In just a few hours, 65 soldiers were killed, 25 were taken prisoner and scores more were wounded. Under air cover, the soldiers retreated, leaving behind five vehicles and a tank, which are now part of the arsenal of the Taliban and al-Qaeda.

The Pakistani troops have retreated, as the Taliban regroup, rearm, train, collect “taxes” and continue to send fighters into Afghanistan to topple the government and return it to Taliban rule. Even if Pakistan was a consistent ally in the war against al Qaeda and the Taliban (and they are little more than a halting ally), they aren’t capable of anything more than harassment of fighters in the tribal regions. More troops are needed in Afghanistan, now and not later.

Russian Thugs

BY Herschel Smith
12 years, 11 months ago

In Georgia Pleads for Help Against Russian Brutality and Hegemony, we linked a photo of thugish Russian troops.

We noted the long hair, beards, inconsistent cover, and the idiotic sneakers and purple socks being worn by the dude on the back of the beaten up APC.

Here is another photo of a Russian “soldier” in Georgia where he doesn’t belong.

This photo comes courtesy of the New York Times (Joao Silva).  Note the lack of a blouse and the cover being worn backwards.  Again, the cover is being worn backwards, like some thug gang member.

They are perfect representatives of their thugish government.  Michael O’Hanlon waxed pathetic today on Foxnews about the provocation by Georgian President Mikheil Saakashvili that started the whole thing.  Unfortunately, Michael has bought into Russian propaganda.  Russia provoked the war, not Georgia.

“I blame the Russians,” he says, “because it was them who provoked the whole thing. They found some South Ossetians and some Abkhazians who have agreed to play their game.

“The Russians still cannot get used to the idea that Georgia is an independent state. They still want to use us as their slaves,” he says.

Asked about the destruction of the South Ossetian capital Tskhinvali, which many Ossetians have blamed firmly on Georgia’s bombardment, he is adamant.

“It’s not true that the Georgians have destroyed Tskhinvali. Russian troops were stationed in Tskhinvali and from their base in the city have provoked the Georgian side [over a long period]. I work in Gori and there was hardly a day when there wasn’t any shelling – virtually every day we had wounded delivered to our hospital – there was no end to Russia’s provocation, all year round. So Georgia had no choice but to defend itself.”

But as for all of the talk about the mighty Russian bear asserting itself in the world, Ralph Peters gives some background to the thugish, horrible appearance and behavior we have already noted above.

RUSSIA’s military is succeeding in its invasion of Georgia, but only because Moscow has applied overwhelming force.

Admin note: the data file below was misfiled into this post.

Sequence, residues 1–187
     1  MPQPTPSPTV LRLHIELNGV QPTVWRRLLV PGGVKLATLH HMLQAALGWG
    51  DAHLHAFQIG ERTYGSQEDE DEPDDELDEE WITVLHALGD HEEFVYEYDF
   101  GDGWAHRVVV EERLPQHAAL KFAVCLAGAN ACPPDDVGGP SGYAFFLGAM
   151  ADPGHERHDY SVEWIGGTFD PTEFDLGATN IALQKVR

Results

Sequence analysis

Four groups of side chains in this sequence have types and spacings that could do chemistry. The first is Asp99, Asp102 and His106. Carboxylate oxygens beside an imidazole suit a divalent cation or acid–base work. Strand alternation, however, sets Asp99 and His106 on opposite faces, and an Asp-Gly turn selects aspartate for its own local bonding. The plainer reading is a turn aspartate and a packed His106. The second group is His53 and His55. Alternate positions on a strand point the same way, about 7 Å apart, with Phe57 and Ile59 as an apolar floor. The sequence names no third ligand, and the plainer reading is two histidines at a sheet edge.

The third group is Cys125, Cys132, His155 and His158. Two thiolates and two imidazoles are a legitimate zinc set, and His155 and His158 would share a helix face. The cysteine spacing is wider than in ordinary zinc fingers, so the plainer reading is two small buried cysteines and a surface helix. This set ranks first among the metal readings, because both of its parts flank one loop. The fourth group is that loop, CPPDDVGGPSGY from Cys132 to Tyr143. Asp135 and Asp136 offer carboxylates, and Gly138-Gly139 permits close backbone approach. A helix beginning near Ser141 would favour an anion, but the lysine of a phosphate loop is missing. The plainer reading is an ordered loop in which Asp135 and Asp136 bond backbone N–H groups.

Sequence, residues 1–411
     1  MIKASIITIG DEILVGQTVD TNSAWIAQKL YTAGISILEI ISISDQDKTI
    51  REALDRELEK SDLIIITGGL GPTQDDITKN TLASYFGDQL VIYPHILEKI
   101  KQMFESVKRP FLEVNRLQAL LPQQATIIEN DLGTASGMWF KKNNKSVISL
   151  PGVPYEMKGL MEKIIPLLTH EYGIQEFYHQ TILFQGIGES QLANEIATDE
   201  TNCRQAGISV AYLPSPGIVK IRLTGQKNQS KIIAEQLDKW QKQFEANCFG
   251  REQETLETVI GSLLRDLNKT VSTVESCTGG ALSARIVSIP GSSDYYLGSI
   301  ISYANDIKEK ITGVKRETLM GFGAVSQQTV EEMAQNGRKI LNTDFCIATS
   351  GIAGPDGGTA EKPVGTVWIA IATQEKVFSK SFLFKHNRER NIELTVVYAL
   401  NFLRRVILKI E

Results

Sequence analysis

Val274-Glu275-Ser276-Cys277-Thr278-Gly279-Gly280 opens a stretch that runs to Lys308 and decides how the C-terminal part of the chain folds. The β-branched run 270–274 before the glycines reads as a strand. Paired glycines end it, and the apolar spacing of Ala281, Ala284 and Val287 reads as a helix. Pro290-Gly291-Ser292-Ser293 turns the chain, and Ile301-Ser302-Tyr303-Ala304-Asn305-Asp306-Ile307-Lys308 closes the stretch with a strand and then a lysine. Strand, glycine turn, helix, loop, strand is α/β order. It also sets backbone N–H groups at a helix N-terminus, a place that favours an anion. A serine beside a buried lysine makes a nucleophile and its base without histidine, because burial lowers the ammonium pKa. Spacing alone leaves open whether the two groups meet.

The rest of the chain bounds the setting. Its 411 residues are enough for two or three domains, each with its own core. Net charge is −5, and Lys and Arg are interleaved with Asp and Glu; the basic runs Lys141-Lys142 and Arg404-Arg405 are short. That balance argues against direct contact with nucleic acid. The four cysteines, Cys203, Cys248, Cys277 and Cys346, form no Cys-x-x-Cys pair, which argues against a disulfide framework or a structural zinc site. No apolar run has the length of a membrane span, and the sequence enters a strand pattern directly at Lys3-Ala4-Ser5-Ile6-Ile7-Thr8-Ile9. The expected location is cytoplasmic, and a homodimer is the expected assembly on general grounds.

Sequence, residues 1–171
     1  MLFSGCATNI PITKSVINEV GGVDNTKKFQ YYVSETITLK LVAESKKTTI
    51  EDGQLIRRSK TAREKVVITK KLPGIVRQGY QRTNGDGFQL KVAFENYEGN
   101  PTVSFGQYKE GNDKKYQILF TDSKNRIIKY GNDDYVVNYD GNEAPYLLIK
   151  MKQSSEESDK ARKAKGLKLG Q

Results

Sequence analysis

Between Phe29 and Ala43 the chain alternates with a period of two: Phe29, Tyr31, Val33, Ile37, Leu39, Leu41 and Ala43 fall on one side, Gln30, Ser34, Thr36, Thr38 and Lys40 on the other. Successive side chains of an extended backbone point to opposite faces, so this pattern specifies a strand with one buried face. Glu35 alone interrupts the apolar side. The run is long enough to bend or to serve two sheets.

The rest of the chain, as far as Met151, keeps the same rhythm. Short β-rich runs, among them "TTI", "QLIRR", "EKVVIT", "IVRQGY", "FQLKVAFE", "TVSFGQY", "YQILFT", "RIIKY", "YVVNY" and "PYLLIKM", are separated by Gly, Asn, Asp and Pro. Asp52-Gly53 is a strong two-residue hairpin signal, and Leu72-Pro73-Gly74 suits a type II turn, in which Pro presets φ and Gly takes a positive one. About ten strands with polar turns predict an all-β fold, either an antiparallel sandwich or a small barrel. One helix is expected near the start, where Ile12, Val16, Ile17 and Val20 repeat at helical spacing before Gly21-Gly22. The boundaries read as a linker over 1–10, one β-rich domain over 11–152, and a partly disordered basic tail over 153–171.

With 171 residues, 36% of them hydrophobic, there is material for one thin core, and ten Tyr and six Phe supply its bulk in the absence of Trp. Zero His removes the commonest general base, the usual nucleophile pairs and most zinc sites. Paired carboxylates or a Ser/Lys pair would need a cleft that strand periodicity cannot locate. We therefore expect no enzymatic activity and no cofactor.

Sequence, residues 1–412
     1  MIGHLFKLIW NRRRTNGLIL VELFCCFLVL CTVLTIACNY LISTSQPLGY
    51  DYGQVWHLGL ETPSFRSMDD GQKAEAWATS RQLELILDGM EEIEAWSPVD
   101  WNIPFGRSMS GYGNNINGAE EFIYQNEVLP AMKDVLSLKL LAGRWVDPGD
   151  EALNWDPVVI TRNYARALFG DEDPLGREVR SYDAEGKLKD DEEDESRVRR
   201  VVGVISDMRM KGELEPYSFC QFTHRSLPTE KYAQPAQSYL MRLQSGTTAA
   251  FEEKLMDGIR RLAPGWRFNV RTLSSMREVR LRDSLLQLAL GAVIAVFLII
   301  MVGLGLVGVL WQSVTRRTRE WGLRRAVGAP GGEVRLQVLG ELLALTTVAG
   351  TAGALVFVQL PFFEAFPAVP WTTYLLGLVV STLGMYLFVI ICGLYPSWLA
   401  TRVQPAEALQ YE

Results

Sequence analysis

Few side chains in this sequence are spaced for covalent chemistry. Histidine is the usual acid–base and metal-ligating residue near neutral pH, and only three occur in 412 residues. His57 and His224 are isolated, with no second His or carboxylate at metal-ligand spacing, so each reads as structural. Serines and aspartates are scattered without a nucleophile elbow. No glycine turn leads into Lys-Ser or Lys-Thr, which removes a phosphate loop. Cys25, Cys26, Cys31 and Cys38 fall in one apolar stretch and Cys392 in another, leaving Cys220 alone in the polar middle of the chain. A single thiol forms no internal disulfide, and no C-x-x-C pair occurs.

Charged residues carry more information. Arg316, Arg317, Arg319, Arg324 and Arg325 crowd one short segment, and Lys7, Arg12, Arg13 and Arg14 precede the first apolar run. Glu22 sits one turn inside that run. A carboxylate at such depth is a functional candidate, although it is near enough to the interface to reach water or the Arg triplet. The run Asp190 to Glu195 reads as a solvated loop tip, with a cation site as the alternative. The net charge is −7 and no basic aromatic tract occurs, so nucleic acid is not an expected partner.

This campaign was supposed to be the big debut for the Kremlin’s revitalized armed forces (funded by the country’s new petro-wealth). Well, the new Russian military looks a lot like the old Russian military: slovenly and not ready for prime time.

It can hammer tiny Georgia into submission – but this campaign unintentionally reveals plenty of enduring Russian weaknesses.

The most visible failings are those of the air force. Flying Moscow’s latest ground-attack jets armed with the country’s newest precision weapons, pilots are missing far more targets than they’re hitting.

All those strikes on civilian apartment buildings and other non-military targets? Some may be intentional (the Russians aren’t above terror-bombing), but most are just the result of ill-trained pilots flying scared.

They’re missing pipelines, rail lines and oil-storage facilities – just dumping their bombs as quickly as they can and heading home.

Russia’s also losing aircraft. The Kremlin admits two were shot down; the Georgians claimed they’d downed a dozen by Sunday. Split the difference, and you have seven or more Russian aircraft knocked out of the sky by a tiny enemy. Compare that to US Air Force losses – statistically zero – in combat in all of our wars since Desert Storm.

As one US officer observed to me, the Russian pilots are neither professionally nor emotionally toughened for their missions. Their equipment’s pretty good (not as good as ours), but their training lags – and their pilots log far fewer flight hours than ours do.

Russia has been planning and organizing this invasion for months. And they’re pulling it off – but the military’s embarrassing blunders must be infuriating Prime Minister Putin.

Let’s not overdo the notion of the mighty Russian bear, please.  They are thugs, led by a thug, and they look and behave unprofessionally because they are in fact unprofessional.  One more photo, from Reuters.

Note the stupid looking do-rag, the long hair and the inconsistent uniforms.  Thugs – commanded by a thug!

Financing the Taliban

BY Herschel Smith
12 years, 11 months ago

Some Taliban and al Qaeda support comes from radical Salafists in Saudi Arabia, but the Taliban also harvest their own support. Regular readers of The Captain’s Journal know that we’re not particularly fond of the notion of mixing the war on drugs with Operation Enduring Freedom, since the idea of destruction of a farmer’s means of income does not comport with the need to win the population.